Holt's unschooling assumption was that children learn through the experiences of life, and he encouraged parents to live their lives
with their child. Also known as interest-led or child-led learning, unschooling attempts to follow opportunities as they arise in real life,
through which a child will learn without coercion. An unschooled child may utilize texts or classroom instruction, but these are not
considered central to education. Holt asserted that there's no specific body of knowledge that is, or should be, required of a child.

Unschooling advocates claim that children learn best by doing; a child may learn reading to further an interest about primitive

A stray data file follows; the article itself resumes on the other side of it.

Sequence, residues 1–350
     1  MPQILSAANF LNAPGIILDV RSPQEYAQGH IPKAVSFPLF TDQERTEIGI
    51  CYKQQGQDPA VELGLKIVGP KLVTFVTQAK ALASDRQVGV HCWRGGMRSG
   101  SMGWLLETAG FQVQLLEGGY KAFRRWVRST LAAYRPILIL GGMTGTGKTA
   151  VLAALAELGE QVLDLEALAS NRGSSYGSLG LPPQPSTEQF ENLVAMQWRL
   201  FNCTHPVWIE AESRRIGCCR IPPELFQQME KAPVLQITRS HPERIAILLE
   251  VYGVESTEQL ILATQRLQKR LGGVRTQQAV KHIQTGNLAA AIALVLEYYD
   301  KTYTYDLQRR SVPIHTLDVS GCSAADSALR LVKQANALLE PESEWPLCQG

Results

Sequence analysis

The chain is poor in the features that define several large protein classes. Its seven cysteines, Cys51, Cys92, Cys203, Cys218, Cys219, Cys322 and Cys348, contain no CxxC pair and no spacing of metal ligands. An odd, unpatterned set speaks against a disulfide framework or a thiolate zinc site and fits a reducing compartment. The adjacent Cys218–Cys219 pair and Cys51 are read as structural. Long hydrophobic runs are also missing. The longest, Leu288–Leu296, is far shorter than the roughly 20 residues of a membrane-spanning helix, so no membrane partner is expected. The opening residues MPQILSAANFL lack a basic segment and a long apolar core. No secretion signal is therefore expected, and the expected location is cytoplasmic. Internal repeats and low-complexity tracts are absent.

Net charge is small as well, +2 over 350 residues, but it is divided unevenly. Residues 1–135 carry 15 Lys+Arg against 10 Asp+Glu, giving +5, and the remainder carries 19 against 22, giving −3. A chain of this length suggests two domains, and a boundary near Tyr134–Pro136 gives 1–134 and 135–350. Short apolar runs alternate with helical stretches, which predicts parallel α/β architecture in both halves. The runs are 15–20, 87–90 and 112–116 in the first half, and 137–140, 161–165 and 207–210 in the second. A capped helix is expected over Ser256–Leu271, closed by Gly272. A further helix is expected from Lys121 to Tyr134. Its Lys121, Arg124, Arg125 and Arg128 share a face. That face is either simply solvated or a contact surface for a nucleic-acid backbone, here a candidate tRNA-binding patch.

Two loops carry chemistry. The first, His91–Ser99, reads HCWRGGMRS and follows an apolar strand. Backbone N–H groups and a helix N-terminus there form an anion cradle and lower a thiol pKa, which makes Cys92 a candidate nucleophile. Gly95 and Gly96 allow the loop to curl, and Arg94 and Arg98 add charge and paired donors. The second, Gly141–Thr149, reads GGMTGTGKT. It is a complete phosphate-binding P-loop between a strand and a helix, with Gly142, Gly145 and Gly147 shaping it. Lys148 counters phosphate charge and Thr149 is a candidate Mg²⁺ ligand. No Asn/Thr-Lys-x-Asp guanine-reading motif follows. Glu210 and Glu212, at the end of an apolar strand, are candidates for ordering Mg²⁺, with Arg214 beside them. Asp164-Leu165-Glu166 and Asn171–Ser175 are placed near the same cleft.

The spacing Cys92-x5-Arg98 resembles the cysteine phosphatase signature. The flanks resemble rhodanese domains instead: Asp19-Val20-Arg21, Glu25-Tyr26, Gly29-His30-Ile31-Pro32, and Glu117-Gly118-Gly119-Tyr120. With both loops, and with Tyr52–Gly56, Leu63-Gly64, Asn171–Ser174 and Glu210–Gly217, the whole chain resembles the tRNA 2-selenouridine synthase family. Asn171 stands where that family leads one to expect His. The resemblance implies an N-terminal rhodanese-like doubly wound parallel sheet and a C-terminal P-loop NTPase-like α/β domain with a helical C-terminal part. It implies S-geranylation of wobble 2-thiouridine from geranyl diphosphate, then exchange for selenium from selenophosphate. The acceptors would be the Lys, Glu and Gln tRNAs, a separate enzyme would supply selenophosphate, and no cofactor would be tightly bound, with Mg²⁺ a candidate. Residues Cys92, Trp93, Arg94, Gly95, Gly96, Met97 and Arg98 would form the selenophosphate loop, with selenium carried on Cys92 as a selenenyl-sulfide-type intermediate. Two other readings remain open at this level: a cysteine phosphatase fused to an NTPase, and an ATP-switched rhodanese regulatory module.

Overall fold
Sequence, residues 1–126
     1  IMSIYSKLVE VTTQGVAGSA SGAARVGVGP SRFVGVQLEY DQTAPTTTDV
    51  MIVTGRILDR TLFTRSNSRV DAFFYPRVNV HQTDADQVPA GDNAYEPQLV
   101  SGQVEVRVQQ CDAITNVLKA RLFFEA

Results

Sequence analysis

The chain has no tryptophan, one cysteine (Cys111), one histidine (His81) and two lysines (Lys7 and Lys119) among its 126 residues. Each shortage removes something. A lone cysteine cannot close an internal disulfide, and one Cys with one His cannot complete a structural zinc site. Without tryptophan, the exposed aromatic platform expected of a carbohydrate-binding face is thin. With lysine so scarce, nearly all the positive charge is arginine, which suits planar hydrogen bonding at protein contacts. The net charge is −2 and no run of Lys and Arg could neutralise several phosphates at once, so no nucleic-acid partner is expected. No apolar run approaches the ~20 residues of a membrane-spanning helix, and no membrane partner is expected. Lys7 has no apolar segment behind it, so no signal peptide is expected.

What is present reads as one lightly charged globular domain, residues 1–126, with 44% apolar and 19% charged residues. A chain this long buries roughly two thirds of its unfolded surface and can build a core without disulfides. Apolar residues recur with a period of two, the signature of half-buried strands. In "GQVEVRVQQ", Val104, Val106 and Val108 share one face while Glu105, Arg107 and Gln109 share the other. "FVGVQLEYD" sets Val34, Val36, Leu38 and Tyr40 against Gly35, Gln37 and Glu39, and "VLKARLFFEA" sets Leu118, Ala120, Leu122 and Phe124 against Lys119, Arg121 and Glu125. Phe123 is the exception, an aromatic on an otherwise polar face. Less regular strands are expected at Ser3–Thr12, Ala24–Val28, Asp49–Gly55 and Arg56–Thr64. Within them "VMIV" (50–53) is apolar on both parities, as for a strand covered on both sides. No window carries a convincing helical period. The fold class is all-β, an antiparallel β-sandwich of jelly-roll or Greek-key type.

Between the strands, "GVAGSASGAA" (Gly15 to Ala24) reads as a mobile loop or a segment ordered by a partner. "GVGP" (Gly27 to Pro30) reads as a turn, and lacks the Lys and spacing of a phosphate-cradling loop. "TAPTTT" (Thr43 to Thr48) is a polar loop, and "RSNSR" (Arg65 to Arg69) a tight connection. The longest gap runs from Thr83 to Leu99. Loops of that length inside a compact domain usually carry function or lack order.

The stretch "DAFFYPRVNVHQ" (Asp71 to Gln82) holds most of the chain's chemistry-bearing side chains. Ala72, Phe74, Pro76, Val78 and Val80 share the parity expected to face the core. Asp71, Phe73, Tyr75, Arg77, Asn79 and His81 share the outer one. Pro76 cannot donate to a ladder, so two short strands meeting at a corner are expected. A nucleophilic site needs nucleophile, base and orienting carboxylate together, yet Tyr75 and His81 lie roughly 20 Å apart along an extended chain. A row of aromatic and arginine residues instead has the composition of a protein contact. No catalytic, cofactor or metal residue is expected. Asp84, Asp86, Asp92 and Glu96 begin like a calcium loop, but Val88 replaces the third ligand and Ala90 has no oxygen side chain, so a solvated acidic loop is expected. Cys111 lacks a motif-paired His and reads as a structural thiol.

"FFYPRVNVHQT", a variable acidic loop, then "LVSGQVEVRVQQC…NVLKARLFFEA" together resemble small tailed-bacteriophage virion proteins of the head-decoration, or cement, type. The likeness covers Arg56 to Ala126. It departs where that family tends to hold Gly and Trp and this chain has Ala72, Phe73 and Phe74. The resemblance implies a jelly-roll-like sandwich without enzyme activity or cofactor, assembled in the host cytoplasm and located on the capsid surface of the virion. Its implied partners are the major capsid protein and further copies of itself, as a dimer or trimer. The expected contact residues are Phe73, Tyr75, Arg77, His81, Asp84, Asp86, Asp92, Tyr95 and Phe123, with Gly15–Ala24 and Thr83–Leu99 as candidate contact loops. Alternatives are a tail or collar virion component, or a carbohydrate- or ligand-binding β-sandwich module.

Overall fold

peoples, or math skills by operating a small business or sharing in family finances. They may learn animal husbandry keeping dairy
goats or meat rabbits, botany tending a kitchen garden, chemistry to understand the operation of firearms or the internal combustion
engine, or politics and local history by following a zoning or historical-status dispute. While any type of homeschoolers may also use
these methods, the unschooled child initiates these learning activities.

Cost to families
There may be a financial impact on families in addition to the purchase of school supplies and curriculum materials, as one parent
(typically the mother) usually refrains from employment outside the home in order to supervise the child's education. Some
compensate by running a business as a family, working from home, or enlisting the help of friends or relatives during the hours in